His trial successes started early in his life. He was born in 1920 and in 1921 he wond a 1st and a 3rd at Kingussie Sheepdog Trials...He also won the Open and confined classes after a 20 mile run to the trial field at St. Boswells. In 1922 he won the International Shepherd's Cup for George Brown and in 1923 he won the Supreme International and the Scottish National Championships. He was still only 3 years old, and up to this time he had not been used as a stud dog. He was sold to Mr. Sam S. Stoddart when about 3 1/2 years old and exported by this renowned shepherd to the USA, where for many years he featured in the blood lines of many of their famous dogs.

In the few months before he left this country he was bred to 25 bitches, and from these matings came some outstanding progeny.

...Spot 308 was an exceptional dog, a true Border Collie of the original type. It was sad that he had to leave [Britain] when so young.

George Brown was the first shepherd to win the Supreme Championship.

Above, Sam Stoddart (at the top of the picture) at the sheep championships
at A. J. Knollings, Pocatello Idaho, where he worked in the 1920's.
According letters he wrote home, Sam was being paid $100/month to be a shepherd then.
(I am very grateful to to Jim Stoddart of KIlbarchan, Scotland,
a great grand nephew of Sam Stoddart, for information and photos for this article.)


SamStoddardAndSpot.jpg Left, Sam Stoddart and Spot 308. (Photo from A Lifetime With the Working Collie by Arthur Allen, self published 1979.)

Registered Border Collie (though they were still called sheepdogs) began being imported into the United States soon after the International Sheep Dog Society (ISDS) was formed in 1906, but the dog considered to be the first significant import was Spot 308. As we have seen, Spot was bred by G.P. Brown of Berwickshire, England, and was born in 1920. He won his first trial in 1921, the International Shepherd's Cup in 1922, and became International Supreme Champion in 1923. He had a tremendous influence on the breed in Britain, Australia and the United States. In 1923, when he was three years old, he was sold to Sam Stoddart, a Scottish shepherd living and working in the United States.

SamStoddart.jpg Right, a detail of a photo of Sam Stoddart when he first arrived in the United States. (Thanks to Jim Stoddart.)

According to Jim Stoddart, Sam's great grand nephew, "Samuel Secombe Stoddart was born on May 3, 1874 at Bassendean Hill (a large family estate in the Scottish Border near Berwick-upon-Tweed). He was one of ten children born to George and Christina Stoddart." At least three of the brothers came out to work on stock ranches in Idaho, including Sam, William, and James, Jim Stoddart's father. James and William returned to Scotland to look after their father prior to his death in 1940. Sam married in Idaho and settled in New Hampshire, where he passed away in 1963 at the age of 89.

Sam Stoddart became one of the leading breeders of registered Border Collies in America in the 1920s and '30s. He gave sheepdog deomonstrations at agricultural fairs, and many of the early sheepdog handlers were introduced to the breed by seeing him there. Sam is considered by many to be the founder of the North American Sheep Dog Society (NASDS), and Spot 308 became North American #1 posthumously.

Eric Halsall, in his book Sheepdogs My Faithful Friends (Farming Press, 1980, 1996), sums up the effect Spot 308 had on the fledgling American sheepdog trials scene:

SamStoddart&Flock.jpg Right, Sam Stoddart with a flock of sheep in Idaho. (Thanks to Jim Stoddart.)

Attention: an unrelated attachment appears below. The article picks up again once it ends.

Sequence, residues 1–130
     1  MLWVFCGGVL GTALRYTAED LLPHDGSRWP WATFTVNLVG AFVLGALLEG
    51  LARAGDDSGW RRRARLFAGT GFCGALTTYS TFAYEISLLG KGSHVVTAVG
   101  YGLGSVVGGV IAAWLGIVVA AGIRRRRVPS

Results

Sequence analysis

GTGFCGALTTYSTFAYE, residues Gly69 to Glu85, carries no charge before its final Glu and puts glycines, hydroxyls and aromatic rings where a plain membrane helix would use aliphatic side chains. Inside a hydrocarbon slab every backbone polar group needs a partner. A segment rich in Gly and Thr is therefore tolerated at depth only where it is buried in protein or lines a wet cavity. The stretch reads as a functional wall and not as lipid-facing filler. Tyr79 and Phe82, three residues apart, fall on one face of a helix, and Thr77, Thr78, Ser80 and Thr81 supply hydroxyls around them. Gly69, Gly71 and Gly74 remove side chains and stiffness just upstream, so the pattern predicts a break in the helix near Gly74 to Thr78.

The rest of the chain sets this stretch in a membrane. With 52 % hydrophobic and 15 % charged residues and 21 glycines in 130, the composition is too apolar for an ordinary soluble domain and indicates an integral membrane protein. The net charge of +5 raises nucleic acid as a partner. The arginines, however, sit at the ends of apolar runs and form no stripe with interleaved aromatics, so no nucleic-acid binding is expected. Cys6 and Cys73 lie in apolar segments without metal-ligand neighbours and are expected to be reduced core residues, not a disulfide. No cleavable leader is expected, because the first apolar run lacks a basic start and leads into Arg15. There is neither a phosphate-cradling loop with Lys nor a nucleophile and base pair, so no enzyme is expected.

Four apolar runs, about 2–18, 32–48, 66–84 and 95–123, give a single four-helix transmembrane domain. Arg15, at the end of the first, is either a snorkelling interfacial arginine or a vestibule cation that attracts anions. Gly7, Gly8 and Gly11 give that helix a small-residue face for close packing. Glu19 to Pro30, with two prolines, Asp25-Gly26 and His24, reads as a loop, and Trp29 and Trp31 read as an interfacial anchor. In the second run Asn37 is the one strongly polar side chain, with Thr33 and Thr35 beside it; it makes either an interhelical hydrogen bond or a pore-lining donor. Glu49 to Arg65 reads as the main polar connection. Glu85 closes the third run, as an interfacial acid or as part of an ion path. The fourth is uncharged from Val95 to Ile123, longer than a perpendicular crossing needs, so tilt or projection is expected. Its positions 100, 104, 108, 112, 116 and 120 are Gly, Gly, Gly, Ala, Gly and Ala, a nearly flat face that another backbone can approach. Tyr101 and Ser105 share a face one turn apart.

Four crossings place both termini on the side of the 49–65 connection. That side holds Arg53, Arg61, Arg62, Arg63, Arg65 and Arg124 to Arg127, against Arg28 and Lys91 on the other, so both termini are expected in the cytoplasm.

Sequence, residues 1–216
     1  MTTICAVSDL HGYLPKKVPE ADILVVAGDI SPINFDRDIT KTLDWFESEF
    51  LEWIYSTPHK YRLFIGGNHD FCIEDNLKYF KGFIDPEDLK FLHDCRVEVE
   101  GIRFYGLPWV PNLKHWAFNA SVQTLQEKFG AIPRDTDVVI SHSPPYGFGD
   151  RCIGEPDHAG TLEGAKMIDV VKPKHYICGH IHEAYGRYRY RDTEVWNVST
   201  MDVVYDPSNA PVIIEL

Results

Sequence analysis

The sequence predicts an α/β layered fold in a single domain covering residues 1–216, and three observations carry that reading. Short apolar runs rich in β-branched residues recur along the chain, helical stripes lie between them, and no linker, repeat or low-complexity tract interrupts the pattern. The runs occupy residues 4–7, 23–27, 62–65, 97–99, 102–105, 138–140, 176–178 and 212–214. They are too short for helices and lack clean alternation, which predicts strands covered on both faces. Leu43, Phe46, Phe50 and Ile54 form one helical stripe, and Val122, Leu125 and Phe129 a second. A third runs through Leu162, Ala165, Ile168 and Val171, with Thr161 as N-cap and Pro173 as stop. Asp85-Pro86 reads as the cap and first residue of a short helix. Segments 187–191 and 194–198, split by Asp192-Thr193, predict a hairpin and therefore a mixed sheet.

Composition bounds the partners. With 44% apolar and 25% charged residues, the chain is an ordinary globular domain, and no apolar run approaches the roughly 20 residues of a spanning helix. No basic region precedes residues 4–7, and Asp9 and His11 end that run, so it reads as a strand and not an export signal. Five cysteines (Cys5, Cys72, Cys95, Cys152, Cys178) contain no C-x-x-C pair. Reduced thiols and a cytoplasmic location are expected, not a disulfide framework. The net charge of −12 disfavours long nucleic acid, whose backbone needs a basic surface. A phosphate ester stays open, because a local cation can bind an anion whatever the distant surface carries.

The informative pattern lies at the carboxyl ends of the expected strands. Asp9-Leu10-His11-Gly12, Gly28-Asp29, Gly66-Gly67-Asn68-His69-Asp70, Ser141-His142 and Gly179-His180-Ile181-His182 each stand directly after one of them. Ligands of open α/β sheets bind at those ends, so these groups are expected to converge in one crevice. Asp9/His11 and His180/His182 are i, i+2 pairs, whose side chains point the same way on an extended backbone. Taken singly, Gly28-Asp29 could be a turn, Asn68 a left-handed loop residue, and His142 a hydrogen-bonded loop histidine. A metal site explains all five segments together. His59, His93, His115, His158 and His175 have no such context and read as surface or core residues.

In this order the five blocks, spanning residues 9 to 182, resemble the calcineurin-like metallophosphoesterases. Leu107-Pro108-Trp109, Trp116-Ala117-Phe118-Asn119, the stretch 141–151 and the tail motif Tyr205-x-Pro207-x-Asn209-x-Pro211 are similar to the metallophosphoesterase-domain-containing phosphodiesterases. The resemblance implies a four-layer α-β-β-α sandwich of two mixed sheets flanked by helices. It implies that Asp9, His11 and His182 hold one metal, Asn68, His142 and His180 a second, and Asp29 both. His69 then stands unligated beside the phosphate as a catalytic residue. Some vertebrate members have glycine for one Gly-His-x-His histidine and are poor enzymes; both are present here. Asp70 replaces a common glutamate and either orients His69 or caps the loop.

Old Hemp spread his influence to America as to Australia through George Brown's Spot, the 1923 International champion and great-grandson of Herdman's Tommy, who went out in 1923 to Sam Stoddart, a Scottish shepherd who had emigrated to Brandford in New Hampshire. Sam Stoddart imported many other quality dogs from his homeland...

...Spot could be classed as a canine genius. He was brainy and quick to learn his craft so that he allied experience with intelligence. His eyes were gentle, yet commanding, and he was lithe and faster than any sheep that tried to outwit him. He was medium coated and feathered and typical of the Scottish dogs of his age. On his mother's side were ten collie generations of the Browns of Oxton...

...[A] report states that "1500 people from all over New England gathered at Fillmore Farms in old historic Bennington, Vermont, on 16 August 1928 to witness the first sheepdog trials ever held in the United States", in which seven dogs competed. The winner was Preston J. Davenport of Colrain Massachusetts with Spottie, a son of Sam Stoddart's Spot. Spot himself was fourth on that occasion.

SamStoddart2.jpg Left, a photo of Sam Stoddart (center) with George Jones and Nell, ca. 1946, Weiser, Idaho. Jim Stoddart says the photograph "states that Sam worked for Jones the whole season of 46/47."

A number of prominent breeders of the time began to perpetuate Spot's influence by breeding his progeny. There followed in the wake of Stoddart and Spot a great deal of interest in sheepdog trialling among sheepmen and agriculturalists in the United States.

Don Bell, the first secretary of NASDS, believed Spot 308 had a considerable impact on the American Border Collie:

Descendants of the renowned Spot symbolize the influence 'Old Spot' had on the quality of the good registerd dogs in North America. It is significant that one rarely finds an outstanding American-bred registered dog which does not carry some of the 'blood' of Old Spot. What Britain gave up, we gained, and it is proper to pay tribute to the founding sire of the registered Border Collies in North America." (The Sheepman, February 1945.)

Copyright ©2009 by Carole L. Presberg



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Last modified: July 14, 2013